(Adds Goldman Sachs spokesperson on compensation expense forecast, paragraph 15)
By Saeed Azhar and Tatiana Bautzer
NEW YORK, Dec 5 (Reuters) - Global bank executives said that dealmaking conditions have begun to improve, with some predicting a better outlook for strategic mergers and acquisitions at an industry event on Tuesday.
Both M&A activity and initial public offerings (IPOs) faltered last year after Russia's invasion of Ukraine and the U.S. Federal Reserve's aggressive rate hikes to tame inflation.
"The M&A deals are coming a little faster," Bank of America CEO Brian Moynihan told the Goldman Sachs U.S. Financial Services Conference on Tuesday.
Moynihan said that as the interest rate environment stabilizes, there would be more scope for dealmaking.
Goldman Sachs Chief Financial Officer Denis Coleman said a lot of clients had an appetite and interest in "doing something strategic," but he cautioned that sponsors or private equity firms are cautious due to the higher cost of capital.
The capital markets environment has improved recently, which encouraged large listings in the United States including the listing of Arm Holdings.
On the deals front, Goldman Sachs was among the advisers to Pioneer Natural Resources, which agreed to sell itself to Exxon Mobil in a $60 billion deal.
In a recent transaction, U.S. health insurer Cigna is in talks to merge with Humana, a source familiar with the matter told Reuters, a deal that could exceed $60 billion in value and would be certain to attract fierce antitrust scrutiny.
"Our dialog has never been stronger, conversations and pitches are happening," Truist Financial CEO Bill Rogers said.
Moynihan said BofA will outperform the industry on investment banking fees in the current quarter.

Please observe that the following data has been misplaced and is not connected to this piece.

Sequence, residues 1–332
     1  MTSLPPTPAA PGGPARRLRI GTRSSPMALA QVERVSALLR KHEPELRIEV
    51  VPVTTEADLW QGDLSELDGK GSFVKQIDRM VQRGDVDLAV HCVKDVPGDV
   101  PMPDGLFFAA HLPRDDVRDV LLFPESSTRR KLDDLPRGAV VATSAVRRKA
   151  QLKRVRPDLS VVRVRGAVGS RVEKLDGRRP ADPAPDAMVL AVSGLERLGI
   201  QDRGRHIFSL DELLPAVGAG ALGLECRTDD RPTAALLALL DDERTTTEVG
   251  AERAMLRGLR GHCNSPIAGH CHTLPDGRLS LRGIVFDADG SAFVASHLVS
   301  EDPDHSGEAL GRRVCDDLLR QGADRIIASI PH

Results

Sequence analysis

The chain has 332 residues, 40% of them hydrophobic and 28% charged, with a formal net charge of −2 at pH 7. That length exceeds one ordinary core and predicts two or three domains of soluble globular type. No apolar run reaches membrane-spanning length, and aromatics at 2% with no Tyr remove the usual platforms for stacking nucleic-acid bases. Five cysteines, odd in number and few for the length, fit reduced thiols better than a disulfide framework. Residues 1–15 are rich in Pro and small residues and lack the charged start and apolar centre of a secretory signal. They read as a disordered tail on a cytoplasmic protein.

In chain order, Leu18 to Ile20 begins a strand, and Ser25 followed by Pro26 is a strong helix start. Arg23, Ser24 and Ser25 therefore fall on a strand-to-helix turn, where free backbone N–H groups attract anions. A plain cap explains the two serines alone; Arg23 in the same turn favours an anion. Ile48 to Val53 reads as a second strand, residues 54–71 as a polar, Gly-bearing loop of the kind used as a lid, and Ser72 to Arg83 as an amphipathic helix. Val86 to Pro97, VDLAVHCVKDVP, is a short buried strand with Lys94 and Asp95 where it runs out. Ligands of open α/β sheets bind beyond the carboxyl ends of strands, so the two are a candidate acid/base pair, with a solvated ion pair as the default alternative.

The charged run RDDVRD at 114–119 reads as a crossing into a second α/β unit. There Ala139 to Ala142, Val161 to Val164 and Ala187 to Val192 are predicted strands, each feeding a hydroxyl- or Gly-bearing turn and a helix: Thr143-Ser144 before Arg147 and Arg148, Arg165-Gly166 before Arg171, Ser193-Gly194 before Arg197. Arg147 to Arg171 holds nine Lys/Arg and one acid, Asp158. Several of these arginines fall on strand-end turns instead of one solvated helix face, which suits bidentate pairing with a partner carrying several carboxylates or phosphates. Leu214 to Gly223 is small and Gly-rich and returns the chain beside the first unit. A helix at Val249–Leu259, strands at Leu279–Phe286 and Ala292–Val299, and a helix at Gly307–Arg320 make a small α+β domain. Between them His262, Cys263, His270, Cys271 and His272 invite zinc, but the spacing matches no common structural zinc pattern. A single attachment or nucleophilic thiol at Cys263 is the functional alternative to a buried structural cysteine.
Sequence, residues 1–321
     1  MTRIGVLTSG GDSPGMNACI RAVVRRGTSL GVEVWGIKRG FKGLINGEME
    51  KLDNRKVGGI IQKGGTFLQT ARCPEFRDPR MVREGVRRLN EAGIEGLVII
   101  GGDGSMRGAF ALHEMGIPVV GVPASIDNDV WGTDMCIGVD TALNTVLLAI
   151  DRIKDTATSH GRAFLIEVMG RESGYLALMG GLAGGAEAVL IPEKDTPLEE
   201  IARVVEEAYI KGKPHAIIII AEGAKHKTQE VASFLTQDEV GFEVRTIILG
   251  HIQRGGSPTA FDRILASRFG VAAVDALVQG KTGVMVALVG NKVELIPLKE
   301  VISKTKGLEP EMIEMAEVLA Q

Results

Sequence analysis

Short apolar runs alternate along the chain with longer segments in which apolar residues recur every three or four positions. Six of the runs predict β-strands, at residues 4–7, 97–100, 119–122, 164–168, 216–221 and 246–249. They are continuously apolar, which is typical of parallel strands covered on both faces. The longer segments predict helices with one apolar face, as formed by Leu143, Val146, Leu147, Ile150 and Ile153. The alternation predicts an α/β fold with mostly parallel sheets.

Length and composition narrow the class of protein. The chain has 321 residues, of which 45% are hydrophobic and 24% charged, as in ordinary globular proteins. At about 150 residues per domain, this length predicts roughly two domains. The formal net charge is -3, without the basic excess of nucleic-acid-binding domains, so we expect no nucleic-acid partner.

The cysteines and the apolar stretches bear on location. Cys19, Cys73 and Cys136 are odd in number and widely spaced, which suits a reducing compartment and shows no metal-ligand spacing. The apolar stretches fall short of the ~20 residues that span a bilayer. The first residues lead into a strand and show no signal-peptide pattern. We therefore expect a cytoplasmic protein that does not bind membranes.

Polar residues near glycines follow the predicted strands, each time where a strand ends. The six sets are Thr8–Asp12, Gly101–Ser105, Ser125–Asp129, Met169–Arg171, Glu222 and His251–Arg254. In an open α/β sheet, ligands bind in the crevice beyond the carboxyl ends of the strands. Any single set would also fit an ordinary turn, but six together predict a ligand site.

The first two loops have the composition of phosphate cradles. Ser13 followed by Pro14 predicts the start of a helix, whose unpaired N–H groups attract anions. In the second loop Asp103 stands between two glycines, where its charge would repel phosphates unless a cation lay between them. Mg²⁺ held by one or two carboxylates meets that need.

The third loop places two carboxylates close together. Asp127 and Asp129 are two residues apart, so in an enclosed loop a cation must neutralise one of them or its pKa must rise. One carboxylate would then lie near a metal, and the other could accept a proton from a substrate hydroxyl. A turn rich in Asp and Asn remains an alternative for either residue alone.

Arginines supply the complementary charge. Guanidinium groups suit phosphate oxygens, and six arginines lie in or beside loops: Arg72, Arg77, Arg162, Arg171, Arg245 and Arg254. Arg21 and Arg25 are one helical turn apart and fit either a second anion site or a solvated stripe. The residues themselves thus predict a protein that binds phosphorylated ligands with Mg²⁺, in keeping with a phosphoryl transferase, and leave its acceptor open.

"We'll be at about $1 billion in fees this quarter," reflecting a low single-digit decline that "outperforms the industry." The industry-wide investment banking fee pool is expected to drop by 10% to 15%, he said.
Independent investment bank Evercore is also optimistic about the outlook for deals.
"There is no question that activity levels are high in our firm. But the announcements will depend on market stability and confidence levels, no board wants to announce a deal and get the stock crushed," Evercore Chairman and CEO John Weinberg said.
Meanwhile, trading in equities and fixed income, currencies and commodities is on track to be flat on an annual basis, Goldman's Coleman said.
Goldman Sachs expects compensation expenses to rise by a low to mid single-digit percentage this year, a spokesperson said.
This reflected the performance of its core businesses, Coleman said.
Goldman bosses are considering bigger bonuses to retain star traders and dealmakers this year as the bank looks to win over some who were disappointed by smaller payments in 2022, Reuters reported last month, citing sources familiar with matter.
(Reporting by Saeed Azhar and Tatiana Bautzer in New York Editing by Lananh Nguyen, Alexander Smith and Matthew Lewis)